Statement of Benefit to California:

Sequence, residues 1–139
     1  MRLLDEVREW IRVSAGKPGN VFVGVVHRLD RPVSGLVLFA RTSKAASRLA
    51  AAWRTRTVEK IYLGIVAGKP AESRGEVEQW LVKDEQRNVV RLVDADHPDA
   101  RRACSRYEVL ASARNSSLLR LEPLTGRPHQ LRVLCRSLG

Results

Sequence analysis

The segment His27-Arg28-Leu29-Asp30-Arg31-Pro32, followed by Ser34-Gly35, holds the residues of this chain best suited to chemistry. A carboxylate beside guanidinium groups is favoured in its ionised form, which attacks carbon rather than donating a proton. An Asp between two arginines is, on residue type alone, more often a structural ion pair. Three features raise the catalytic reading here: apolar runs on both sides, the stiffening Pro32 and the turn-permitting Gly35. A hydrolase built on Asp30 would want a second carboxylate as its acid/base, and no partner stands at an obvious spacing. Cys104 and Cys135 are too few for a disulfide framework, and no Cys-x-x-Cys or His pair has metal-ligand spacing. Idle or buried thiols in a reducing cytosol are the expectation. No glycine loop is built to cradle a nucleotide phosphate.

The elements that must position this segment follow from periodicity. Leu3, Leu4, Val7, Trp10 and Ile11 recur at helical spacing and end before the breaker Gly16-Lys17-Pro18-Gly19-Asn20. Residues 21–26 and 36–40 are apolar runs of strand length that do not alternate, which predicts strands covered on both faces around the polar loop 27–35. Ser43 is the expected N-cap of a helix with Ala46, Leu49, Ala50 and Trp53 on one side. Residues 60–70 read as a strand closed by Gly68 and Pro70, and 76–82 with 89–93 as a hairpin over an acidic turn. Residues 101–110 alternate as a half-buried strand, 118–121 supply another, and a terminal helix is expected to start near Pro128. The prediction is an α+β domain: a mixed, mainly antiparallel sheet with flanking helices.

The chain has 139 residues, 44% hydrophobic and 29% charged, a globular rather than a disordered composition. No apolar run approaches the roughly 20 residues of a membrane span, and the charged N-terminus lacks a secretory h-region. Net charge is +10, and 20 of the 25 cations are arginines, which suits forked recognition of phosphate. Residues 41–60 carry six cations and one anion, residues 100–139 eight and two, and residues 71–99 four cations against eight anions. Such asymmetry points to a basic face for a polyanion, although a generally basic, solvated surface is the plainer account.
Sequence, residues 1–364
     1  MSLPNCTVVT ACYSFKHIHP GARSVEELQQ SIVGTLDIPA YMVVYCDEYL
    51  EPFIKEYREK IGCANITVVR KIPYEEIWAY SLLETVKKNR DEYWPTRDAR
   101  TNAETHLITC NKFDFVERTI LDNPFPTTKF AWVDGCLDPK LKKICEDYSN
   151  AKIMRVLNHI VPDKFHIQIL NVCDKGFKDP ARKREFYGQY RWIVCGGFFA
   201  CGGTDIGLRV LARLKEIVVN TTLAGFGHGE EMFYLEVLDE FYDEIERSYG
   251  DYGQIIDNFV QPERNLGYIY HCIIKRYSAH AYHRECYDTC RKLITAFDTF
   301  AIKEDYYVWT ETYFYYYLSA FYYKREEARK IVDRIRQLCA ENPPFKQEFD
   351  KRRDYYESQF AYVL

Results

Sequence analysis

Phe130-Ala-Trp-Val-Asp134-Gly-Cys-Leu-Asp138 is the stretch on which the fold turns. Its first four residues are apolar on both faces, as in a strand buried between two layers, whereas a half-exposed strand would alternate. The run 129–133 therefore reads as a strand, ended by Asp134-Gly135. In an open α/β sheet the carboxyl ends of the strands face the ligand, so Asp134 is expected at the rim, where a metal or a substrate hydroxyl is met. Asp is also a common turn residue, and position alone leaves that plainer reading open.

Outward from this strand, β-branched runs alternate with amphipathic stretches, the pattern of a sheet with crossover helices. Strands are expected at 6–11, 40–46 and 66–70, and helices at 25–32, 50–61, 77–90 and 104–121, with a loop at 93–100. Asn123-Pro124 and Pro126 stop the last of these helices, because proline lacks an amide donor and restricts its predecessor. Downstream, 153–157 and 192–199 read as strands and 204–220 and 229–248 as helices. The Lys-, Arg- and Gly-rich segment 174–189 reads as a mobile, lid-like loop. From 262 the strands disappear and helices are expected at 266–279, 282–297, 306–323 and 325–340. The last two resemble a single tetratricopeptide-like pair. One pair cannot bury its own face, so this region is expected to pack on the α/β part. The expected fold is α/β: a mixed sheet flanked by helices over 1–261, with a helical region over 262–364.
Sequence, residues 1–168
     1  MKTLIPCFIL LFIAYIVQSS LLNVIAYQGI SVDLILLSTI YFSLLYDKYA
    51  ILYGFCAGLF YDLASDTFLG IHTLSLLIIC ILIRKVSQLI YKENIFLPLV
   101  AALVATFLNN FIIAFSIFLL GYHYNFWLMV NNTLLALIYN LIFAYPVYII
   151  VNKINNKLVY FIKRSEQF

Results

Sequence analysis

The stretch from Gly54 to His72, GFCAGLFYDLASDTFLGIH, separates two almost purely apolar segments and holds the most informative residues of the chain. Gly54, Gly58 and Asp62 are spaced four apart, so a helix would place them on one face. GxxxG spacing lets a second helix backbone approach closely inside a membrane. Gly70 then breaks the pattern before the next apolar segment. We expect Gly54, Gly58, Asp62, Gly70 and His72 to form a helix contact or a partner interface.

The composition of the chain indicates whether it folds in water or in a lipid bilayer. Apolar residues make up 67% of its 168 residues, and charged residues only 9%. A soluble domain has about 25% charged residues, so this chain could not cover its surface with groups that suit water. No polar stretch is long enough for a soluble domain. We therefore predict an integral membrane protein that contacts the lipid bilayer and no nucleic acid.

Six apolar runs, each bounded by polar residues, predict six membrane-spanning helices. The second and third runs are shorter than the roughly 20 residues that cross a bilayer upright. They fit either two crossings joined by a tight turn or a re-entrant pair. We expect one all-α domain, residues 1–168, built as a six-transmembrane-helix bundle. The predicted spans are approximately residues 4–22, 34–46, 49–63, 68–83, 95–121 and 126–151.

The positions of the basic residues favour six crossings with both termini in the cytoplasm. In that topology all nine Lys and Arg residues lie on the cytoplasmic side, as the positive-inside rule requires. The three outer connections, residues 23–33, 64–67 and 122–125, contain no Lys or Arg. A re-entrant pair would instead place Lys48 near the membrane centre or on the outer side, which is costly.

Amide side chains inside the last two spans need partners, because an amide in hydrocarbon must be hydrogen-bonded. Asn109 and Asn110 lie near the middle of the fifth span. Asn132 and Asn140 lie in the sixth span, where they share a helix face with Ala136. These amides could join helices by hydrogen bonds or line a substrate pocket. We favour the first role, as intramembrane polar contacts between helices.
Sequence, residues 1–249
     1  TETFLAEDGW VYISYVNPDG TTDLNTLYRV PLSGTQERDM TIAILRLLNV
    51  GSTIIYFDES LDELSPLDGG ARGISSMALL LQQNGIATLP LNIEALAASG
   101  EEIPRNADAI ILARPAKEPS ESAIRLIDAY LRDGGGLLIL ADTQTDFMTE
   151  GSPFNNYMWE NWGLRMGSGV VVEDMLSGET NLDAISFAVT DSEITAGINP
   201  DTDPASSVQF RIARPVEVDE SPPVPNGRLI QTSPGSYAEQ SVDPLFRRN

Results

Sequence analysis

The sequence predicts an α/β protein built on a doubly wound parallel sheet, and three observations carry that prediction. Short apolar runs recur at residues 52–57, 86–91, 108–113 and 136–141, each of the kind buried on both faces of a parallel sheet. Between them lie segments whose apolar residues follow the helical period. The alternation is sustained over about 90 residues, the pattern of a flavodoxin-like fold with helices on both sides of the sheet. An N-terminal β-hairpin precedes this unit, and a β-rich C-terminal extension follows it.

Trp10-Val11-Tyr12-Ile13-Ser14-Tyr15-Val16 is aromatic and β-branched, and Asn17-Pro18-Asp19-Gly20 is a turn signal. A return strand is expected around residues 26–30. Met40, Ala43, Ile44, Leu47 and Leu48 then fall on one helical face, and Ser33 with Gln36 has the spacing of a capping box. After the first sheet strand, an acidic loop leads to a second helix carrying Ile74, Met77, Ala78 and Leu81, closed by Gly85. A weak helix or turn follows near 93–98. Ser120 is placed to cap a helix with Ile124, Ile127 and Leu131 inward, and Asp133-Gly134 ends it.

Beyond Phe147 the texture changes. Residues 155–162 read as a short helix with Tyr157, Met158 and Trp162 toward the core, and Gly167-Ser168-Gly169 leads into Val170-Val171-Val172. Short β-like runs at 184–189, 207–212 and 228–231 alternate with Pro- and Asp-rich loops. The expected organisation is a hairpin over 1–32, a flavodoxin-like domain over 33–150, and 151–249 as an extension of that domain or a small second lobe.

SYNOPSIS: The goal of this proposal is to analyze the pathways of programmed cell death (PCD) that are active in human ES (hES) cells and their differentiated progeny. The PI's laboratory has established a set of five categories of PCD. Cell death-inducing stimuli will be used to establish which pathway of PCD is activated in undifferentiated hES cells, embryoid bodies, and derivative neural progeny. The hypothesis is that the type of PCD stimulated will change as a function of differentiation status. Moreover, one may expect that the quantitative aspects (i.e., sensitivity to amount of PCD-inducing stimulus) may also vary. The aims are (1) to test the sensitivity of undifferentiated stem cells to pro-death stimuli (intrinsic and extrinsic inducers of apoptosis, inducers of autophagy, PARP-mediated death, and death in response to the DNA damaging agent MNNG) (2) similarly test embryoid bodies for their cell death patterns in response to the various pro-death stimuli and (3) test neuronal stem cells derived from BG01 for sensitivity to the same repertoire of pro-death agents. Further choices of stimuli will be guided by large-scale (5000 proteins) Western blots that have already been performed during PCD. Cell death will generally be measured by using GFP/Annexin staining and flow cytometry. The proportions of viable, dying or dead hES cells will be measured by co-staining for SSEA4 expression. In the first Aim, these studies will be performed using 2 hES cell lines maintained as undifferentiated cells either with or without feeder cells. After stimulation the type of PCD will be established. SIGNIFICANCE AND INNOVATION: This is a well-written proposal focused on characterizing the major forms of cell death in hES cells as a function of differentiation. The proposed studies are highly significant in that they will provide important information to the hES cell field. When cultured, a significant proportion of hES cells die. This may limit the ability to expand these cells for large scale applications. Little is known regarding cell death-inducing mechanisms that are active or can be activated in hES cells. The PI cites 7 publications in total that have generally looked at the apoptotic pathway. For these studies, the PI describes 5 different pathways that can be utilized to achieve programmed cell death (PCD). The intention is to systematically analyze which of these is activated as a function of distinct sets of stimuli, which is well-described in the application. The 3 Aims in the proposal will analyze PCD in undifferentiated hES cells, embryoid bodies (focusing on TNF family members), and neural progenitors/stem cells. It is expected that a catalog of different pathways may be obtained that are preferentially activated (both qualitatively and quantitatively) depending on the differentiation status of the cells. The project represents a combined effort of a laboratory that specializes in PCD, and a laboratory that is focused on hES cells. Although the proposed experiments are not particularly innovative from a technical point of view, they are very important and appropriate to the questions addressed. The PI correctly states that this is a largely unexplored though very important area. Success in these studies should provide valuable information that will lead to improved culture conditions, as well as a wealth of basic information. STRENGTHS: This applicant proposes a study that should have been done long ago, but has not been systematically performed in the understandable haste to jump to translational studies. There are a number of strengths to this proposal, particularly the investigator’s clear vision of the study and his expertise. The PI has been instrumental in studying the subtleties of cell death pathways and this expertise is exactly what is needed to get a handle on hES cell apoptosis and non-apoptotic death patterns in vitro. In the first Aim the PI describes in adequate detail the types of inducer stimuli assay conditions, and importantly the experimental criteria that will be used to monitor PCD and identify which type of PCD is activated. The criteria to define which type of PCD is activated are fairly well-described. These include the use of inhibitors that are specific to distinct PCD pathways. All of these studies are feasible and will certainly lead to major insights. They appear relatively straightforward, and this is a major strength of the proposal. In the second Aim, cell death inducing stimuli will be applied to embryoid bodies. Particular emphasis will be placed on members of the TNF family. Preliminary microarray data suggest dramatic up-regulation of TNFR gene-products following hES cell differentiation. The Third Aim will use stimuli identified in Aim 1 to induce PCD in hES cell derived neural progenitors. The studies in the second and third Aims are well-described, and should produce valuable data. The PI presents a useful discussion of potential complications and possible solutions, which is also a strength of the proposal. An additional strength is the collaboration between 2 laboratories that bring complimentary sets of expertise to the overall project. WEAKNESSES: There are no major weaknesses and little to criticize in this proposal. However, apoptosis (and other cell death pathways) may be happening for good reasons, and the goal of completely blocking apoptosis as a way to improve scale-up of hES cells may have unintended downsides, which should be acknowledged. That said, several potentially complicating issues have been addressed by the PI. In particular, the ability to rigorously identify which pathway(s) of PCD are actually activated may be problematic. This would be a significant problem if more than one pathway is simultaneously activated. It could also be the case that weak activation of one pathway together with strong activation of another may not be sufficiently discriminatory; that is, there may be significant quantitative aspects that will obscure the resolution of the analysis. An additional complication may be that embryoid body cell type heterogeneity may not yield a high enough resolution to specifically identify one pathway over another. While these are significant complications, there is sufficient reason to believe that the joint expertise of the 2 laboratories will rise to any challenges as they occur. Moreover, simply identifying which PCD pathway exist and can be activated in hES cell will be a valuable contribution. DISCUSSION: This proposal seeks to test undifferentiated hESCs for their responses to stimuli so that a toolkit of "pro-death" reagents can be elucidated. Analysis of distinct death pathways triggered by the reagents will be done, first in hESCs and subsequently in embryoid bodies and neuronal cells. The PI is a clear thinker about multiple kinds of apoptosis and the discoverer of PARP-mediated cell death. There is a "between the lines" goal, which is to be able to block apoptosis in hopes of enabling more efficient expansion of given cell population. One reviewer noted that the applicant never acknowledged that apoptosis may be an essential process, and that inhibiting it for purposes of scaling up cells may be a bit naive.